After Sen. Richard Burr of North Carolina dumped more than $1.6 million in stocks in February 2020 a week before the coronavirus market crash, he called his brother-in-law, according to a new Securities and Exchange Commission filing. They talked for 50 seconds. Burr, according to the SEC, had material nonpublic information regarding the incoming economic impact of coronavirus. The very next minute, Burr’s brother-in-law, Gerald Fauth, called his broker.
In the filings, the SEC also revealed that there is an ongoing insider trading investigation into both Burr and Fauth’s trades. It had previously been reported that federal prosecutors had decided not to charge Burr. Burr’s spokesperson did not immediately respond to questions. Fauth’s lawyer and the SEC did not respond to questions. Fauth hung up on a ProPublica reporter.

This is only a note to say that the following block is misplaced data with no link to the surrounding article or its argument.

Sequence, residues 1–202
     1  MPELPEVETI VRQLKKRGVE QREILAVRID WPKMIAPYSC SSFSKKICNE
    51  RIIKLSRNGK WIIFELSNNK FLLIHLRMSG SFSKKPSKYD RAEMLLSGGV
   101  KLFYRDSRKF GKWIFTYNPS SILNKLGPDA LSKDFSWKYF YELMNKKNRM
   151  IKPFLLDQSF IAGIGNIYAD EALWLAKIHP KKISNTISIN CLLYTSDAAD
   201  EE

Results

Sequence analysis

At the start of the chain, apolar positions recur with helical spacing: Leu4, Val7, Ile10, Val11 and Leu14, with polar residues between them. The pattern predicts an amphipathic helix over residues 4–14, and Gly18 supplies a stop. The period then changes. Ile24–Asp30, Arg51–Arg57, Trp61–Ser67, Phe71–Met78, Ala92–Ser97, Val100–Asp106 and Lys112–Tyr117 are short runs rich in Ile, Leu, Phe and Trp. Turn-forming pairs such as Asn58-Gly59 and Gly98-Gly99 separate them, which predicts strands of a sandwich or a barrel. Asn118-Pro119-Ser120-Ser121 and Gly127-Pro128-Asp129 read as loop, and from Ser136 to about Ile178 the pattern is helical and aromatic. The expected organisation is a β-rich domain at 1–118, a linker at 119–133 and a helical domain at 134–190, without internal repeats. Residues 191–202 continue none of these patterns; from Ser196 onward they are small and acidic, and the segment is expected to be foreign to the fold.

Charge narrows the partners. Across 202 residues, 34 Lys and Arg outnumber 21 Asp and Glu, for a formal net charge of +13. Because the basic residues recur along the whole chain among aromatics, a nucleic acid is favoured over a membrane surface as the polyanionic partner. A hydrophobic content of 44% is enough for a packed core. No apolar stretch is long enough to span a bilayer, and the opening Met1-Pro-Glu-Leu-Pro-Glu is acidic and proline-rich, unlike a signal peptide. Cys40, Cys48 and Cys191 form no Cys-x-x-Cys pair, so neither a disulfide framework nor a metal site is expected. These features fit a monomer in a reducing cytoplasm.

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BREAKING: SEC says Sen. Richard Burr had material nonpublic info re COVID economic impact.
After Burr dumped stock, he called his brother-in-law.
His brother-in-law called his stock broker **the next minute** https://t.co/EiXjZ4oPS4
— Robert Faturechi (@RobertFaturechi) October 28, 2021